If your business has a significant single point of failure, that could raise concerns among buyers. For example, if 90% of your revenue is generated by one product (i.e., a “hero SKU”), buyers may be wary. If something happened to your supply chain, your entire business could be in jeopardy.
Similarly, content websites that rely on just a few long-tail keywords may face a similar risk and thereby have a lower website value. If the search algorithms change or a competitor knocks them out of the top search results their traffic volume might plummet.
When identifying risk and defending against these sorts of issues, business owners should seek to minimize or eliminate single points of failure as much as possible. This may mean:
- Reevaluating supply chains
- Launching more products
- Investing in high-quality content
- Exploring new advertising or marketing channels for value creation.
“If your business has a significant single point of failure, that could raise concerns among buyers.”
In addition to single points of failure, competition can be another source of risk for businesses. If there are several competitors who are intent on launching products that compete with yours, that could be concerning. This is especially true if they’re effective at taking customers and market share from you. For this reason, it’s critical that you establish a clear competitive advantage to defend your market positioning to reduce acquisition risks.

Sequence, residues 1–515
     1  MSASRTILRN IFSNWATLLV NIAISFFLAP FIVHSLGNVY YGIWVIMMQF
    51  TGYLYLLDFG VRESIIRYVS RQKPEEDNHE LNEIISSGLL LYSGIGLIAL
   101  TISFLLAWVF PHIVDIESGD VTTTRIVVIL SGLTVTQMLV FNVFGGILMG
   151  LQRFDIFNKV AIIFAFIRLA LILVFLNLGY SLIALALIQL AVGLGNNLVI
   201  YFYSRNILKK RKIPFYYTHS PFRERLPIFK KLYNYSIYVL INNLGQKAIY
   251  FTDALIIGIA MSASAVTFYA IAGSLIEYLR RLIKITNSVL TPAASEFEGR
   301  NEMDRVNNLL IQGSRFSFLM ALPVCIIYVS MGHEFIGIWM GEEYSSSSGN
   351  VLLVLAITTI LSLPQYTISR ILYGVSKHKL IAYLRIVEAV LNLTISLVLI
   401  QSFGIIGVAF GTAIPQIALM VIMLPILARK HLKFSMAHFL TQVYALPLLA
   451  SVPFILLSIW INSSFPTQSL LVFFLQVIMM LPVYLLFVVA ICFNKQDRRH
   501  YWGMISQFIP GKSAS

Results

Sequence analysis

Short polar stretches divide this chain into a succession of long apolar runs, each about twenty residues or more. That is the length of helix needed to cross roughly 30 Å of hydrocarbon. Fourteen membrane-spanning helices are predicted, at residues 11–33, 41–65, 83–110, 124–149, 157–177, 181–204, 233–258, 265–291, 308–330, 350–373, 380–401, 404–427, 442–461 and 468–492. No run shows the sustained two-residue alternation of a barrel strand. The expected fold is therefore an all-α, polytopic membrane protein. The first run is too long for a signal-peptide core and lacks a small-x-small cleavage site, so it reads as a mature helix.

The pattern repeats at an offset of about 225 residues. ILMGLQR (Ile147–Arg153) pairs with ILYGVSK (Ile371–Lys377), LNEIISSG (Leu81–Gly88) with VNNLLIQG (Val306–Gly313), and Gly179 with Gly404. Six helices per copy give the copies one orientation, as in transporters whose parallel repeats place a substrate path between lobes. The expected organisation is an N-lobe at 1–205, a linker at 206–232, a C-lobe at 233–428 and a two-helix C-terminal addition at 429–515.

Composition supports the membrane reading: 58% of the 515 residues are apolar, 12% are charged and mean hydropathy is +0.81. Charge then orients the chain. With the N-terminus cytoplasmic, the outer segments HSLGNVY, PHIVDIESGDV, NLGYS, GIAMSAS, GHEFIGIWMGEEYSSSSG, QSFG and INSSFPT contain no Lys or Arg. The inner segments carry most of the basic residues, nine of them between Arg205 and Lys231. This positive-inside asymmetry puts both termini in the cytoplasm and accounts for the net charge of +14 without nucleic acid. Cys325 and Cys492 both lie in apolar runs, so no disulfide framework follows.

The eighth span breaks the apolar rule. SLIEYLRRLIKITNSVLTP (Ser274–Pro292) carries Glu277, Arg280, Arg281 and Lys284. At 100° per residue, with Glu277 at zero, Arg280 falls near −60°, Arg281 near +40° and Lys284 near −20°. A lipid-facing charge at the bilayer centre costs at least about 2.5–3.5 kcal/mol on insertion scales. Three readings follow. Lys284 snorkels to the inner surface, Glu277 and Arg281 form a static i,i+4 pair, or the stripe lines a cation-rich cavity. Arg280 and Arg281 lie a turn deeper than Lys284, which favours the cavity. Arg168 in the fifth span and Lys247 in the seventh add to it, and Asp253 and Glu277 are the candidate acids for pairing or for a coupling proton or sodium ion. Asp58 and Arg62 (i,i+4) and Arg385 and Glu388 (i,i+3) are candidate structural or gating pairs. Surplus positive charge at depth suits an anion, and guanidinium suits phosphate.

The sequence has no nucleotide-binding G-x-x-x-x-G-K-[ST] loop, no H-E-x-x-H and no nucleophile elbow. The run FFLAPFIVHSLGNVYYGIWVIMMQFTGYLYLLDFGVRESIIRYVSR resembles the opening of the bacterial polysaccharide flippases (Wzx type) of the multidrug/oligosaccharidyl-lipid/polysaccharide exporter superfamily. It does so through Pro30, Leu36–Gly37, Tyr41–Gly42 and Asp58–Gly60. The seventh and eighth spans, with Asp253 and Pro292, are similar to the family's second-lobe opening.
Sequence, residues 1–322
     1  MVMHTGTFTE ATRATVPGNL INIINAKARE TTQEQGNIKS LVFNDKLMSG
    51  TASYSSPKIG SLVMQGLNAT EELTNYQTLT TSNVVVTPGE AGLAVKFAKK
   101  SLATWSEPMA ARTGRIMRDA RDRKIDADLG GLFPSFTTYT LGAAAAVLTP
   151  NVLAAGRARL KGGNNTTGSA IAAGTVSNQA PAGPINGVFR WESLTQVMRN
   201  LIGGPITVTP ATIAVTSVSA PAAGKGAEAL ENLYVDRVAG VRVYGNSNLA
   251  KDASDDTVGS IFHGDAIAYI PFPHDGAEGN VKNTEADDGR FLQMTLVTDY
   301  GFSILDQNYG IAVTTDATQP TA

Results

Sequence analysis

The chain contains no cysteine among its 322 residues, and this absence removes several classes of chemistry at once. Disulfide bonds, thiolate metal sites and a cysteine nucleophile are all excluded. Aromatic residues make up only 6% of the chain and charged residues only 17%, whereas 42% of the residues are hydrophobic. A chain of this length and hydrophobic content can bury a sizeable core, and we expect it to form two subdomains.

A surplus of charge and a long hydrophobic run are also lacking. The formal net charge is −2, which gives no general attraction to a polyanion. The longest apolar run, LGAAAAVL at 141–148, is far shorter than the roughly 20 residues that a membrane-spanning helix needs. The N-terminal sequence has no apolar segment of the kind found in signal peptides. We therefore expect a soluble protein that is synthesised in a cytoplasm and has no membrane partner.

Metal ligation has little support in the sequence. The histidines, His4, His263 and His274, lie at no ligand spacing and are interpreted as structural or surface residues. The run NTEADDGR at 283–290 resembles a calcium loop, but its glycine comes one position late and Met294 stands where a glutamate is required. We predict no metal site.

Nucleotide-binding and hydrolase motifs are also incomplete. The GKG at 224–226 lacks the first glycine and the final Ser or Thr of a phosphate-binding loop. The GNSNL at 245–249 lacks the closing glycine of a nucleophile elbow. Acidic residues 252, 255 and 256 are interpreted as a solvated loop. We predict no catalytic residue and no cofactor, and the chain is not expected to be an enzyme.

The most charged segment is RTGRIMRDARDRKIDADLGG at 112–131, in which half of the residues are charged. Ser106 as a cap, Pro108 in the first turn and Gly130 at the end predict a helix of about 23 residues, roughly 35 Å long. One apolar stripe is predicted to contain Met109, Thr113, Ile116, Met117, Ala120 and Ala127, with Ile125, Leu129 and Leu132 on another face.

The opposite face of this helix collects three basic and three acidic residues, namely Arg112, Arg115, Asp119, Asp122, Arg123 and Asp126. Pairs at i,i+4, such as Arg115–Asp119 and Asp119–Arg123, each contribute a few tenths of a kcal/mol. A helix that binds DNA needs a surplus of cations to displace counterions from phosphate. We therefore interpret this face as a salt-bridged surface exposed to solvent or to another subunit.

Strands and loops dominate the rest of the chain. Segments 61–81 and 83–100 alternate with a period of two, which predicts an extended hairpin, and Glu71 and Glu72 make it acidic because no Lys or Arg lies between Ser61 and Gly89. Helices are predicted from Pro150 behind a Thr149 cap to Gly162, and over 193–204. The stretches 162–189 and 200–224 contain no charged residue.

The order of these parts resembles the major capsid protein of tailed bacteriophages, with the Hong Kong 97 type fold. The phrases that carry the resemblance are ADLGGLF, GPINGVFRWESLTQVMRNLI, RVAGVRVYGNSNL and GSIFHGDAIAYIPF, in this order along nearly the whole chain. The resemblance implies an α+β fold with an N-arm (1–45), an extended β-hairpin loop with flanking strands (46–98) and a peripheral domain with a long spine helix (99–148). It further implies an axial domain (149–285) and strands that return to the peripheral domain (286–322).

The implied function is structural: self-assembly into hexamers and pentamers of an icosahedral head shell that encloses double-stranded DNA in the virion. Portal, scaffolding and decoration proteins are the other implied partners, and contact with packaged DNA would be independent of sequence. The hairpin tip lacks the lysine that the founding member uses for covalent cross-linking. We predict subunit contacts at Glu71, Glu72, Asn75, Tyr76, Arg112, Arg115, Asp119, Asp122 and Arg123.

Market conditions can create additional risks for some businesses. If you’re operating in a market that is unstable or threatened by economic downturns, buyers may be wary of acquiring your business. In some cases, it may be hard to avoid unfavorable market conditions. In other cases, you might be able to minimize the impact by expanding to adjacent markets that are less negatively impacted.
Transferability is the third of the four pillars of value. All else being equal, businesses that can be easily transferred to a new owner will have a higher website value than those that have barriers to transferability. Therefore, before going to market, it’s important to find ways to make your business as transferable as possible.
There are a few common reasons why businesses may be difficult to transfer. For example, if you’ve built a blog that relies on your personality and likeness, it’s going to be very difficult for a new owner to succeed without you. Unless you’re willing to stay intimately involved with the business after selling, it’s going to be hard finding someone to invest. Even if you do find a potential buyer, it’s likely they won’t be willing to pay as much. To address this issue, it’s typically best to remove your personality and likeness from the business as much as possible before selling.